Building a robust AML compliance program

A well-designed AML compliance program is the key to ensuring your company can detect, respond to, and eliminate risks associated with money laundering, terrorist financing, and other forms of fraud. To ensure compliance, businesses must complete the following five steps: 

1. Appoint a compliance officer

Appoint a dedicated Compliance Officer responsible for overseeing and implementing your AML compliance program. This person should have a deep understanding of AML regulations and the authority to enforce compliance measures across your organization.

2. Develop policies, procedures, and control

Develop clear policies and procedures that align with AML regulatory requirements. Incorporate AML compliance software to automate and streamline your processes, enhancing the efficiency of ongoing monitoring and control.

3. Conduct risk assessments

Conduct regular risk assessments to identify potential vulnerabilities within your business operations. Utilize business verification solutions to accurately assess the risk profile of customers and transactions.

4. Establish training programs

Effective training programs are essential for ensuring each employee understands their role in AML compliance. These should cover the fundamentals of AML regulations, your business’s specific policies and procedures, and how to recognize and handle potential money laundering activities. Regular updates and refresher courses will keep staff up to date on the latest compliance standards and practices.

5. Perform independent reviews and assessments

Schedule periodic independent reviews to evaluate the effectiveness of your AML compliance program. These assessments can help identify areas for improvement and ensure your program adapts to new regulations and emerging risks.

Leveraging technology in AML compliance

In the past, AML compliance required time-consuming, labor-intensive manual practices. The exhaustive verification procedures and extensive paperwork demanded significant time and effort and were prone to human error. Manual methods also struggled to keep up with evolving money laundering techniques.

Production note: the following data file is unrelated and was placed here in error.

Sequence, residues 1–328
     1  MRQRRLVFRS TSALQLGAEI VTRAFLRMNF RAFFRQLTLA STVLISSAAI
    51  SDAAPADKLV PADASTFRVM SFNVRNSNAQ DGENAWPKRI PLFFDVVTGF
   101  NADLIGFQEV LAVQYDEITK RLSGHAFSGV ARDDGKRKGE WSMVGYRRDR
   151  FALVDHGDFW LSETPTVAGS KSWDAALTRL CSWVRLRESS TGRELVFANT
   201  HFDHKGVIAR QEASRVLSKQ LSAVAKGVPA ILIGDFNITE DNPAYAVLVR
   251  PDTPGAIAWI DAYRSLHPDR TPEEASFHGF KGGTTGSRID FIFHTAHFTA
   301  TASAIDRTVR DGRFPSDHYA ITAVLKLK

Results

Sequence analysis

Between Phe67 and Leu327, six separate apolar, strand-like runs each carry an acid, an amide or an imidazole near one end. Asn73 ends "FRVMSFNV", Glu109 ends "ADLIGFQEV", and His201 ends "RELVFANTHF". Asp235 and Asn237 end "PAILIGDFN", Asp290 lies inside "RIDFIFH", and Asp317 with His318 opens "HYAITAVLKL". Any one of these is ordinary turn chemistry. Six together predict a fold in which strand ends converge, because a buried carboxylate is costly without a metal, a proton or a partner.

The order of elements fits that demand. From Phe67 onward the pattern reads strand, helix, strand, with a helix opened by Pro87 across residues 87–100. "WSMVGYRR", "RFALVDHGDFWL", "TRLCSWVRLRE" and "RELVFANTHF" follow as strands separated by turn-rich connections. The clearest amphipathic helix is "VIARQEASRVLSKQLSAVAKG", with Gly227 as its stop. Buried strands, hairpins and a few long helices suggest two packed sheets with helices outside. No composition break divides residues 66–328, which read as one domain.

Today, most modern compliance programs are built on advanced technology platforms. AML compliance software allows for ongoing AML monitoring, real-time threat detection, and advanced business verification services. This new technology improves accuracy and efficiency while minimizing incidents of false-positive detection.

Markaaz offers industry-leading AML compliance solutions, including daily checks against global sanctions and law enforcement lists. Our Markaaz Directory of over 300 million global business records and rapid matching algorithms mean you can get results in a matter of seconds. Real-time alerts keep you informed around the clock, ensuring your business is ready to take proactive action the moment a threat arises, placing you in the best possible position to avoid fraud risks and stay ahead of the compliance curve. 

Explore Markaaz’s advanced AML solutions

For many business owners, keeping up with anti-money laundering regulations is more than a legal necessity—it’s a critical part of operations. In addition to avoiding significant fines, proper AML compliance protects your reputation and helps safeguard the global financial system.

In today’s complex regulatory environment, regulated businesses of all sizes need a comprehensive AML compliance program. Business owners must understand the fundamentals of money laundering and stay informed of the latest regulatory developments. Markaaz’s solutions will help you develop a robust, efficient AML compliance program that’s always up to date. 

Learn how ongoing monitoring, advanced algorithms, and enhanced sanctions screening can safeguard your business. Schedule a personalized demo with Markaaz today.

Stay in the loop
Free ebook

Global KYB regulatory changes in 2024-2025​

Free e-book quick guide

Global KYB regulatory changes in 2024-2025

Our guide equips you with the knowledge and insights needed to ensure compliance and safeguard your business reputation.